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Long-term neurodevelopmental outcome with hypoxic-ischemic encephalopathy - Zurich Open Repository and Archive


Perez, Anna; Ritter, Susanne; Brotschi, Barbara; Werner, Helen; Caflisch, Jon; Martin, Ernst; Latal, Beatrice (2013). Long-term neurodevelopmental outcome with hypoxic-ischemic encephalopathy. Journal of Pediatrics, 163(2):454-459.e1.

Abstract

OBJECTIVES: To determine the long-term neurodevelopmental outcome for children after hypoxic-ischemic encephalopathy (HIE) without major disability, and to examine neonatal injury patterns detected on cerebral magnetic resonance imaging (MRI) in relation to later deficits. STUDY DESIGN: Prospectively enrolled children with HIE and neonatal cerebral MRI data (n = 68) were examined at a mean age of 11.2 years (range, 8.2-15.7 years). Eleven children had a major disability (ie, cerebral palsy or mental retardation). Brain injury was scored according to the region and extent of injury. RESULTS: Children without major disability (n = 57) had lower full-scale and performance IQ scores compared with norms (P = .02 and .01, respectively), and the proportion of children with an IQ <85 was higher than expected (P = .04). Motor performance on the Zurich Neuromotor Assessment was affected in the pure motor, adaptive fine motor, and gross motor domains, as well as in the movement quality domain (all P < .001). Watershed injury pattern on neonatal MRI correlated with full-scale and verbal IQ scores (P = .006 and <.001, respectively), but neonatal MRI pattern did not correlate with motor performance in children without major disability. CONCLUSION: Children who sustained neonatal HIE without major disability are at increased risk for long-term intellectual, verbal, and motor deficits. The severity of watershed injury is correlated with later intellectual performance. Long-term follow-up examinations are necessary for early detection of neurodevelopmental impairment and early initiation of adequate therapies.

Abstract

OBJECTIVES: To determine the long-term neurodevelopmental outcome for children after hypoxic-ischemic encephalopathy (HIE) without major disability, and to examine neonatal injury patterns detected on cerebral magnetic resonance imaging (MRI) in relation to later deficits. STUDY DESIGN: Prospectively enrolled children with HIE and neonatal cerebral MRI data (n = 68) were examined at a mean age of 11.2 years (range, 8.2-15.7 years). Eleven children had a major disability (ie, cerebral palsy or mental retardation). Brain injury was scored according to the region and extent of injury. RESULTS: Children without major disability (n = 57) had lower full-scale and performance IQ scores compared with norms (P = .02 and .01, respectively), and the proportion of children with an IQ <85 was higher than expected (P = .04). Motor performance on the Zurich Neuromotor Assessment was affected in the pure motor, adaptive fine motor, and gross motor domains, as well as in the movement quality domain (all P < .001). Watershed injury pattern on neonatal MRI correlated with full-scale and verbal IQ scores (P = .006 and <.001, respectively), but neonatal MRI pattern did not correlate with motor performance in children without major disability. CONCLUSION: Children who sustained neonatal HIE without major disability are at increased risk for long-term intellectual, verbal, and motor deficits. The severity of watershed injury is correlated with later intellectual performance. Long-term follow-up examinations are necessary for early detection of neurodevelopmental impairment and early initiation of adequate therapies.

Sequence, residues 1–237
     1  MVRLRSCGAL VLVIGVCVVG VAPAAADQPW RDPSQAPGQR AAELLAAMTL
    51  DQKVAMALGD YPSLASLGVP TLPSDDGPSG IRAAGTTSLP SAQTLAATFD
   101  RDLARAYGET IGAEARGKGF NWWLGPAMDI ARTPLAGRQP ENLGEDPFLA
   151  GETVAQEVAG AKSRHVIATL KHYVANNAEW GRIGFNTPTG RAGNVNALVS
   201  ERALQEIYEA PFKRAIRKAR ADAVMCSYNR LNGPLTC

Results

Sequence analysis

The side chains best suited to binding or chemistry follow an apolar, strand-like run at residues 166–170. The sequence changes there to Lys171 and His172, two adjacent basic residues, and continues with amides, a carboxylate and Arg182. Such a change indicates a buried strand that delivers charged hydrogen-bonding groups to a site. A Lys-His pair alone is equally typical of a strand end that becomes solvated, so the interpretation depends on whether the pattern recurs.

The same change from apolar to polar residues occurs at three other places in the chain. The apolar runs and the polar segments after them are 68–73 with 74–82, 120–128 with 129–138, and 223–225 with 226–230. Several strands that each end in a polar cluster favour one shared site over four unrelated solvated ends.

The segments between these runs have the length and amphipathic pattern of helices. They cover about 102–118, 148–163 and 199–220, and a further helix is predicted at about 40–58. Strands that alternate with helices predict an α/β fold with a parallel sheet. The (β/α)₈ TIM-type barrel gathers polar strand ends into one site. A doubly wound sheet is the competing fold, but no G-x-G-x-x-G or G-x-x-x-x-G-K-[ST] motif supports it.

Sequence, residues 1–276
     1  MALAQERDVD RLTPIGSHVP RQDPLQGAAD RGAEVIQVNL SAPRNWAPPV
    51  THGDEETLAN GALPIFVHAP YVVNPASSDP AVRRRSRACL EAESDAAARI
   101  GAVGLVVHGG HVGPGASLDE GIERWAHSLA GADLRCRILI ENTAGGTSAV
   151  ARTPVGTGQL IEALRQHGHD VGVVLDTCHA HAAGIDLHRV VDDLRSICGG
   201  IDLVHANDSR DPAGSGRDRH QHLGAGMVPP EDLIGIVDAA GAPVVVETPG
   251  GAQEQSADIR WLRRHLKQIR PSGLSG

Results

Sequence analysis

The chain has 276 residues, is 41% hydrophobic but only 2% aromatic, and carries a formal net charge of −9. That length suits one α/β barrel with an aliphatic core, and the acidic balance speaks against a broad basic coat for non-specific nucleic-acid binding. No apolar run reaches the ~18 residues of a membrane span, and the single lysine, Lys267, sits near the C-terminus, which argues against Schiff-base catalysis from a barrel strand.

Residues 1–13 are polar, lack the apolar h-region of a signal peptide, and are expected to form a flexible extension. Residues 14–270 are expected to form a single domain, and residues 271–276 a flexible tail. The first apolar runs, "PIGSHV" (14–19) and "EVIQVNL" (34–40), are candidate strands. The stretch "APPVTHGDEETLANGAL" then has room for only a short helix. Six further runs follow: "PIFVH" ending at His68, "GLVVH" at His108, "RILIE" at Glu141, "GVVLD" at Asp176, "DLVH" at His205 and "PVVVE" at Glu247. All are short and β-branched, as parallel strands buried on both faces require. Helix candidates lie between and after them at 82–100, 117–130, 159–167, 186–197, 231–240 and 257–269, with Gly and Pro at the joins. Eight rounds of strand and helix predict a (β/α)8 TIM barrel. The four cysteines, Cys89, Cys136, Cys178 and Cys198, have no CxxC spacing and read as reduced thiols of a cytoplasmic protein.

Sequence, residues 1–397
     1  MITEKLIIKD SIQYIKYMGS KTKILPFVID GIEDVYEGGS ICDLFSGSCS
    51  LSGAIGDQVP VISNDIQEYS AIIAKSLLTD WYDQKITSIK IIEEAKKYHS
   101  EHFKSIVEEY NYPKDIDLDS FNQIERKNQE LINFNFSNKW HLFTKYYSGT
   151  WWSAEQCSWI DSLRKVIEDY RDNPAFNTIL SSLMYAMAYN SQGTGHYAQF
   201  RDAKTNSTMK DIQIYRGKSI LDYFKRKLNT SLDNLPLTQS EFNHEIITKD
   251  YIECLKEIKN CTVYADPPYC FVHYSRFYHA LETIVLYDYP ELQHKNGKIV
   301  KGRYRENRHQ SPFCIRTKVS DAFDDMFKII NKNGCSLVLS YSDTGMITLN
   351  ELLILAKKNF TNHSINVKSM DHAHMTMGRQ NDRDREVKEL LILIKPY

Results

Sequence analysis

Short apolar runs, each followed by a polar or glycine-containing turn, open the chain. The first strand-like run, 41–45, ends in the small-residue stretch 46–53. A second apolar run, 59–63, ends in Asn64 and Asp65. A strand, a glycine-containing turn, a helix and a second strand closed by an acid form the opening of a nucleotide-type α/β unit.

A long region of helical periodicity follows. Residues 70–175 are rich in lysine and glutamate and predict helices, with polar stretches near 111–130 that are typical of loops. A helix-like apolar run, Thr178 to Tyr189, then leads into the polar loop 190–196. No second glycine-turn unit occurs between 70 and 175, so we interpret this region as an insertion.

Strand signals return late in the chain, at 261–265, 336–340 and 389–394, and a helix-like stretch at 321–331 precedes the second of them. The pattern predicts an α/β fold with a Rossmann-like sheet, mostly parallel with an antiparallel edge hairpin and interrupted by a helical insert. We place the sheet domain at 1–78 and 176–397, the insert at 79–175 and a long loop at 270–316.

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23 citations in Web of Science®
26 citations in Scopus®
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Additional indexing

Item Type:Journal Article, refereed, original work
Communities & Collections:04 Faculty of Medicine > University Children's Hospital Zurich > Medical Clinic
Dewey Decimal Classification:610 Medicine & health
Language:English
Date:2013
Deposited On:14 May 2013 14:50
Last Modified:05 Apr 2016 16:44
Publisher:Elsevier
ISSN:0022-3476
Publisher DOI:https://doi.org/10.1016/j.jpeds.2013.02.003
PubMed ID:23498155

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